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Old 12-07-2010, 04:46 AM   #421
pwc101
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Quote:
Originally Posted by anishakaul View Post
and I did see that definition of "ether" before but I couldn't understand how it relates to that sentence.
Well, it means your spirit (or intent, I suppose) is travelling through the air to the person you're conversing with. It's difficult to be more precise without that phrase's context.
 
Old 12-07-2010, 04:51 AM   #422
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Quote:
Originally Posted by pwc101 View Post
Well, it means your spirit (or intent, I suppose) is travelling through the air to the person you're conversing with.
Thanks, that was helpful.
Quote:
Originally Posted by pwc101 View Post
It's difficult to be more precise without that phrase's context.
Well, I was helping someone far away for quite a long time for which I think he wrote that

Why can't these English men give some simpler complements ???
 
Old 12-07-2010, 05:31 AM   #423
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Ether as in Ethernet (coming from the second meaning, second sub-meaning of the linked definition).
 
Old 12-07-2010, 05:37 AM   #424
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Did you notice that oxforddictionaries.com split English into "US English" and "World English"? The word hubris comes to mind but thefreedictionary.com's definition is more accurate than oxforddictionaries.com's!
 
Old 12-07-2010, 06:14 AM   #425
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Quote:
Originally Posted by catkin View Post
Ether as in Ethernet (coming from the second meaning, second sub-meaning of the linked definition).
Uh..Okay..ummm .. perhaps
 
Old 12-07-2010, 06:51 AM   #426
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Quote:
Originally Posted by anishakaul View Post
Uh..Okay..ummm .. perhaps
You sound doubtful, Anisha. What's wrong?

From the Oxford: "(the ether) informal air regarded as a medium for radio".

From Ethernet: The Definitive Guide (O'Reilly and Associates, 2000) (excerpted here, my bolding): "Metcalfe's first experimental network was called the Alto Aloha Network. In 1973 Metcalfe changed the name to "Ethernet," to make it clear that the system could support any computer--not just Altos--and to point out that his new network mechanisms had evolved well beyond the Aloha system. He chose to base the name on the word "ether" as a way of describing an essential feature of the system: the physical medium (i.e., a cable) carries bits to all stations, much the same way that the old "luminiferous ether" was once thought to propagate electromagnetic waves through space. Thus, Ethernet was born.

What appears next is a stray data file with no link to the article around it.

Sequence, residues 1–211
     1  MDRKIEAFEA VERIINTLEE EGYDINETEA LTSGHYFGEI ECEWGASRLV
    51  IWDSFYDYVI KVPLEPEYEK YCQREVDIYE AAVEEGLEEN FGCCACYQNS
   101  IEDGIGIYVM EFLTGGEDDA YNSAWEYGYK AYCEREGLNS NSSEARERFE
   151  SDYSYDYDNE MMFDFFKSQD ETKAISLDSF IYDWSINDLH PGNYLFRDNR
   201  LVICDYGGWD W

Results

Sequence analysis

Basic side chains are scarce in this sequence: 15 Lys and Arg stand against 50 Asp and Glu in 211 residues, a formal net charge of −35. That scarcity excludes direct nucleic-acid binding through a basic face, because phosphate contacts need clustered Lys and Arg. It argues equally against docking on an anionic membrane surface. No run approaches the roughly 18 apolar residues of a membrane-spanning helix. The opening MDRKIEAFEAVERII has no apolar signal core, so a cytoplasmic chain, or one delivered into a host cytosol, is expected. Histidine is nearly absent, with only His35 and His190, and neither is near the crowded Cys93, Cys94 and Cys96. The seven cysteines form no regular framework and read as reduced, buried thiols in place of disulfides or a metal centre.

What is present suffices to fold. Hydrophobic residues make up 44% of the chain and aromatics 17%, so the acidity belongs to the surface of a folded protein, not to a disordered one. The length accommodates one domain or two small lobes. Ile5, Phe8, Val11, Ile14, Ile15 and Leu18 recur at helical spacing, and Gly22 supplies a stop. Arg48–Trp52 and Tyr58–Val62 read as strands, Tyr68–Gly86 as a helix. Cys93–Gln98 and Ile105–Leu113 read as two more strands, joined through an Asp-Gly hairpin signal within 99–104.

Old 12-07-2010, 09:38 PM   #427
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Thanks again,

Your bolded (is bolded a word ?) text made the things clear. But the Australian could have written it in a simpler way.

Are you an NRI or an English man living in India ?
 
Old 12-07-2010, 10:31 PM   #428
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Quote:
Originally Posted by anishakaul View Post
Thanks again,

Your bolded (is bolded a word ?) text made the things clear. But the Australian could have written it in a simpler way.

Are you an NRI or an English man living in India ?
Simply "bold" would be the right word there.
Quote:
Originally Posted by catkin View Post
Sorry Anisha, I didn't see your post until just now. I was born in UK, spent most of my life there and have been living in India for ~6 years.
Ah, yes -- that would allow NRI. As far as history relates my forebears were English; I don't think of myself that way.

BTW there should not be a space before "?"; it is used the same way as ".", ",", "!", ";" and ":" -- immediately following the last letter of the previous word.
 
Old 12-07-2010, 10:36 PM   #429
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Well, even the highly qualified professors in India won't have the level of English you have, it is quite evident from your English writing standard that you are "old" and not from India!